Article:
Friends of Taiwan are understandably concerned by the concerted push, under mainland strongman Xi Jinping (習近平), to further throttle Taipei’s dwindling circle of “diplomatic allies.” The perhaps excessive attention given by the Government of Taiwan to China’s aggressive policy suggests that this remains a soft underbelly of insecurity.
Beijing has already pilfered five of the island’s formal diplomatic partners since President Tsai Ing-wen (蔡英文) took office in 2016, as part of an effort to reduce Taiwan’s self-confidence. As I sit down to write this piece, the news is circulating of the recent breakthrough in Vatican-Beijing relations. Pope Francis seems ready to relent on the thorny issue of who can designate bishops in China. For decades, Rome insisted that only the Pope could appoint such prelates. But now Francis has apparently acquiesced to the existence of bishops appointed by the state-run Patriotic Catholic Church.
This move has been seen by many as opening the door to greater Vatican involvement in Catholicism on the mainland, although it is less clear whether this means Beijing alone can appoint future bishops. Another outstanding question as of late September is whether the Vatican will formally break relations with Taiwan and shift its small diplomatic mission — currently headed by a charge, rather than an Ambassador — from Taipei to Beijing.
While I understand the longstanding focus on this issue, I come at this from a slightly different perspective. Yes, it is certainly reassuring to the 23.5 million citizens of Taiwan to point to the island’s international status, and one easy method to measure this factor is by counting the number of countries that maintain formal diplomatic relations with Taipei.
But let us consider two factors: first, who are the remaining countries that maintain formal diplomatic relations with Taiwan, and how important are they on the scale of international politics? Second, how have other nations around the world managed their relations with Taiwan?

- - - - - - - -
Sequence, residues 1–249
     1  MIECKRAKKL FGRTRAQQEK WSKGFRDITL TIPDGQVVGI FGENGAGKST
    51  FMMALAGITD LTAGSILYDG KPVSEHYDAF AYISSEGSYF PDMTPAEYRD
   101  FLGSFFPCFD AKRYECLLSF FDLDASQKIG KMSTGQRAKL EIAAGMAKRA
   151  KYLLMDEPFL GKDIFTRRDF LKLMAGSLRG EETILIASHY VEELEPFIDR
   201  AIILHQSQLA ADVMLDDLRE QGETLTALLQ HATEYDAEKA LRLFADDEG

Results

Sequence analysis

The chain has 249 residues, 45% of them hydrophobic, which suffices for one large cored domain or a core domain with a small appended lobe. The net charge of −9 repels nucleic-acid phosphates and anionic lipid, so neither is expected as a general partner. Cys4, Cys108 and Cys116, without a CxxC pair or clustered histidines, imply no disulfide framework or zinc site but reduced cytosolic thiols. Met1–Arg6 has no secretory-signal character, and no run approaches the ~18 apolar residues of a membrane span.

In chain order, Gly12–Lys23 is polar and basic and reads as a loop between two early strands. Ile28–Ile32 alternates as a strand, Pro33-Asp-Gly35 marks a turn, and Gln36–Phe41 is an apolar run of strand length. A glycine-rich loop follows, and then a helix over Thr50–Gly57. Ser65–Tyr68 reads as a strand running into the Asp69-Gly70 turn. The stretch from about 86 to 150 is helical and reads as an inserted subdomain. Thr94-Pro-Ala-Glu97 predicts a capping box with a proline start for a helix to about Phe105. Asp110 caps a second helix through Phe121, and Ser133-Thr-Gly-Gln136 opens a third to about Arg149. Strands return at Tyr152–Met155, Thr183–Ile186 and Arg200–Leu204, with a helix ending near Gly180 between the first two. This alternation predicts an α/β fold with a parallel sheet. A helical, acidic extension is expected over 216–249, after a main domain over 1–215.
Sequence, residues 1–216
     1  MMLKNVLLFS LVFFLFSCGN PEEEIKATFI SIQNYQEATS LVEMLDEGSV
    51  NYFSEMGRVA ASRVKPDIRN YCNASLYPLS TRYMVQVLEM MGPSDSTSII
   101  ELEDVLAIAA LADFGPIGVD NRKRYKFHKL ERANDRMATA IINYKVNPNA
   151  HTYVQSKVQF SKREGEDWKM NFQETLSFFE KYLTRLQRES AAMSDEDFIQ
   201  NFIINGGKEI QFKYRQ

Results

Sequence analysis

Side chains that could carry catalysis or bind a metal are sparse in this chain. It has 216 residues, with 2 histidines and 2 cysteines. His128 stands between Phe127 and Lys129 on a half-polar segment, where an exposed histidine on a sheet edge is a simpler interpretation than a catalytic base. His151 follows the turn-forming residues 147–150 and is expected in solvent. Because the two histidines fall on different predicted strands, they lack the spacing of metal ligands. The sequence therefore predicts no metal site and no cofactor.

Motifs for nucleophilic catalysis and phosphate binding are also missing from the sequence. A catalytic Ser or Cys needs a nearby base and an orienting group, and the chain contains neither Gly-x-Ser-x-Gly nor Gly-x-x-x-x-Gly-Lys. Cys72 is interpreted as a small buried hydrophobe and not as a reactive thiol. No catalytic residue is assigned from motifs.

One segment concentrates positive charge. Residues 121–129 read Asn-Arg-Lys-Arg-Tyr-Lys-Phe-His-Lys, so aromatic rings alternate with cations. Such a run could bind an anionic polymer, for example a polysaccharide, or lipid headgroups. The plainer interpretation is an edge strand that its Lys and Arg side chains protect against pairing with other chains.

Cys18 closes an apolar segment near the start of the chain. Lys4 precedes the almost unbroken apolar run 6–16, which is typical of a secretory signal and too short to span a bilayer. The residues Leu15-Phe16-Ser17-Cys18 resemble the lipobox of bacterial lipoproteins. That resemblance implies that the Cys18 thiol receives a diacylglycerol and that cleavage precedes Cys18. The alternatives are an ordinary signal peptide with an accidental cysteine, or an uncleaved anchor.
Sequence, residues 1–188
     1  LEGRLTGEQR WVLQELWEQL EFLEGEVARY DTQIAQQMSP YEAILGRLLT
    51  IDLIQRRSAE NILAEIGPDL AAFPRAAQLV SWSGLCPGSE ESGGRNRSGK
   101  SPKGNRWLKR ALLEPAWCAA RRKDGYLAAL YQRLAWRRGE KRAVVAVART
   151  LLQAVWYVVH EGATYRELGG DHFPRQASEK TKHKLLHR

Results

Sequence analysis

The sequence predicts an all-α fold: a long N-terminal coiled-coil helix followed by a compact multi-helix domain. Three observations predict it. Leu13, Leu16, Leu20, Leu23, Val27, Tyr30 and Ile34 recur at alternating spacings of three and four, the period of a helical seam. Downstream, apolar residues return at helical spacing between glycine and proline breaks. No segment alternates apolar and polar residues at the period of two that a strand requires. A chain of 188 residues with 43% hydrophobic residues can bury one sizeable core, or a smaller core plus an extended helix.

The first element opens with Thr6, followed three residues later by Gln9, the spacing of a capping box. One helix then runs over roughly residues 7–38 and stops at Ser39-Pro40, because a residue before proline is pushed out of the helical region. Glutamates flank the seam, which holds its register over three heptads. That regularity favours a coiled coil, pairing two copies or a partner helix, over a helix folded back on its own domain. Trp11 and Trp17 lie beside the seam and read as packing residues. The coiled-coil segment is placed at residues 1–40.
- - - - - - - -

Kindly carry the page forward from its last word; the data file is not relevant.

I doubt many western readers could find some of Taiwan’s remaining diplomatic partners, like Palau, on a map. It is certainly true that China is engaged in what is clearly a high-level campaign to poach Taiwan’s remaining diplomatic partners. This is seen as a sign of displeasure with President Tsai and her administration’s policies, following the more accommodating approach of her predecessor. Yet many Taiwan watchers in the west pay slight attention to this matter.
At the same time, US interest in Taiwan is only growing stronger. Congressional legislation, as well as statements by the current administration, all underscore the high-level support for Taiwan in Washington today. President Trump may not have realized what he was doing — a common problem with this indifferent student of foreign affairs — when he accepted President Tsai’s congratulatory phone call after his election in late 2016. But his administration has made it clear that a) Taiwan is an important friend and partner and b) the United States remains committed to Taiwan’s existence as a separate political and geographic entity until a mutually agreeable basis for closer ties across the Taiwan Strait is achieved through peaceful means.